The cynicism of Republican legislators has reached new heights with the upcoming Supreme Court lawsuit against Obamacare subsidies with hearings that began Wednesday. Because their lawsuit won't succeed, just as the more than 50 other attempts to block Obamacare haven't succeeded. Yet Republicans have succeeded in slowing its implementation with such tactics by encouraging the possibility that it might be overturned.
The main result of Republican shenanigans has been to slow enrollments in Obamacare -- 10.2 million Americans have actually enrolled -- as in paid for -- Obamacare plans for 2015, federal officials said Tuesday. It's 87 percent of the 11.7 million who had signed up by the end of open enrollment in mid-February.
But such tactics haven't helped their cause, and may have even decreased their chances of any success in 2016 elections. For instance, though April's Kaiser Health Tracking Poll "finds public opinion on the health care law holding steady and closely divided," the share expressing a favorable view (43 percent) exceeds the share with an unfavorable view (42 percent) for the first time since November 2012, albeit by one percentage point. But the difference is within the survey's margin of sampling error and is not statistically significant.
The case, King v. Burwell, contests whether enrollees in these 34 states can receive federal subsidies. The challengers argue that the section of the law governing subsidies -- which refers to exchanges "established by the State" -- applies only to the 16 states with their own exchanges.
But legislative precedent plus the huge benefits it bestows on health care recipients (that far outweigh any damage to states' budget coffers, since most ACA costs are federally subsidized, anyway), say that Congress intended the federal subsidies for low-income Medicaid recipients to be applied to all states, regardless of whether states set up their own exchanges.
The hurt from Republicans' obstructionism comes even though Obamacare has exceeded the federal estimate that it would enroll 9.1 million people in its second year, but that projection was reduced from an earlier Congressional Budget Office estimate of 13 million. So who knows how many would have signed up and paid premiums, if Republicans didn't use these ultimately failed tactics?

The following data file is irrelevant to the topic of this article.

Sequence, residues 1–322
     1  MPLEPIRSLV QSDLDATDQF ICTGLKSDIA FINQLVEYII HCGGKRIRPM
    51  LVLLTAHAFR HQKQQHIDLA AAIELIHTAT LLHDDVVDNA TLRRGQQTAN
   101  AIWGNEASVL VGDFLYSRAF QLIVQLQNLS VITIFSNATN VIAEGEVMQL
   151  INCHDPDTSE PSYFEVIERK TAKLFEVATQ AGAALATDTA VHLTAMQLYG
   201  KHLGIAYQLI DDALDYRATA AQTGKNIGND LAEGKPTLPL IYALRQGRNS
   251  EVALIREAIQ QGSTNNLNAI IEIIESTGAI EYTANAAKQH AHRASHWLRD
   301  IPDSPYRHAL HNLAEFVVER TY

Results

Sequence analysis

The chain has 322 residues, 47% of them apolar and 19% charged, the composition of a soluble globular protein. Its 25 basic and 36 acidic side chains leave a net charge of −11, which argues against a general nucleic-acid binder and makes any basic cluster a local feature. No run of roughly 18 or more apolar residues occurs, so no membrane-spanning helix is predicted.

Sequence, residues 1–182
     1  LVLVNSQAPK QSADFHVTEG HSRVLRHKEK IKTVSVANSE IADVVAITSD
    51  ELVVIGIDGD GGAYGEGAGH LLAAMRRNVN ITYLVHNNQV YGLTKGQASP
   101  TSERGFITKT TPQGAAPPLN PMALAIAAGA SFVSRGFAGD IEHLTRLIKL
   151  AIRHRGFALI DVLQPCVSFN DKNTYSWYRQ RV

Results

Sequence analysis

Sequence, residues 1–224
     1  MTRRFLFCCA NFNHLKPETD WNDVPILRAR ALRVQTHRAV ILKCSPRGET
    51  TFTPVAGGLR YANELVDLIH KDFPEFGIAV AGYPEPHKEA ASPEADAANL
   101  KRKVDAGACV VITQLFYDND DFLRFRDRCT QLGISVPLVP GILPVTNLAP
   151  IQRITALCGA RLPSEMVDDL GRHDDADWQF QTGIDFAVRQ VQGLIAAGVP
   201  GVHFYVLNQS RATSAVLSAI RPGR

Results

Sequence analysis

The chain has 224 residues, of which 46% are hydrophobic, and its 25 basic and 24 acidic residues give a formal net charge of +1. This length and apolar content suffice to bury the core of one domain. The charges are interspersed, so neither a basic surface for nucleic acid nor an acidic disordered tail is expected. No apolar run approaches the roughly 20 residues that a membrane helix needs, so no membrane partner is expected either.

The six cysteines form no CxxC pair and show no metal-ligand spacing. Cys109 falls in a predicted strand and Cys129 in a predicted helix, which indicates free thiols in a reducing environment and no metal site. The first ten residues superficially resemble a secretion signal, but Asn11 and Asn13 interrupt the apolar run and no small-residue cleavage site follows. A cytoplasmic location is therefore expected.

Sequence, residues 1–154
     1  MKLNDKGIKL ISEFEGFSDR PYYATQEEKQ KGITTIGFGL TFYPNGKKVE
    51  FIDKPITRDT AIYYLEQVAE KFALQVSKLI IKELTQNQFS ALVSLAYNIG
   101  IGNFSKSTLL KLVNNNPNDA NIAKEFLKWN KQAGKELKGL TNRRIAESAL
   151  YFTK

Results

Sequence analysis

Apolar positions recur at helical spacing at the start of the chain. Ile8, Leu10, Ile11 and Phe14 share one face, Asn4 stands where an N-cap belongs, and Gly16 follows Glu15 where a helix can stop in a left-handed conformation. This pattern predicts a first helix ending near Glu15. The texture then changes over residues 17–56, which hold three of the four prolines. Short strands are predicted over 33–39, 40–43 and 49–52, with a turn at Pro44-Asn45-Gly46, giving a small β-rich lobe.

The damage to healthcare recipients from an adverse ruling comes from the approximately 6.4 million Americans that could lose their subsidies for health insurance if the Supreme Court rules against the Obama administration this month, according to the federal data.
Those 6.4 million are receiving subsidies to help them pay for private insurance in the 34 states that are relying on the federal health insurance marketplace, HealthCare.gov. If the court sides with the challengers, those consumers would lose their subsidies, or about $1.7 billion a month, according to the data.
That is real damage, as opposed the any illusory damage to states that haven't set up their own exchanges. These subsidies are key to keeping the whole system afloat. They serve as incentives to attract a wide range of people -- most importantly, younger and healthier ones who might not opt for coverage if it were too pricey. They also mitigate concern over costs from the individual mandate, which requires nearly all Americans to have coverage or pay a penalty.
Actually, it's more than cynicism that has to be motivating those House Republicans in particular that have now attempted more than 50 times to block its implementation, as we said. They hadn't been able to do it legislatively, knowing that Senate majorities and the White House are against it being defunded.
And the Supreme Court has already approved its overall constitutionality. No, it's really the most conservative branch of the Republican Party wanting to hurt the poorest among U.S. as much as possible. It's really a brutal callousness that cares not for the health and well-being of a majority of Americans, including those hurt most by the Great Recession; in fact for anyone other than their wealthiest constituents.
Harlan Green © 2015
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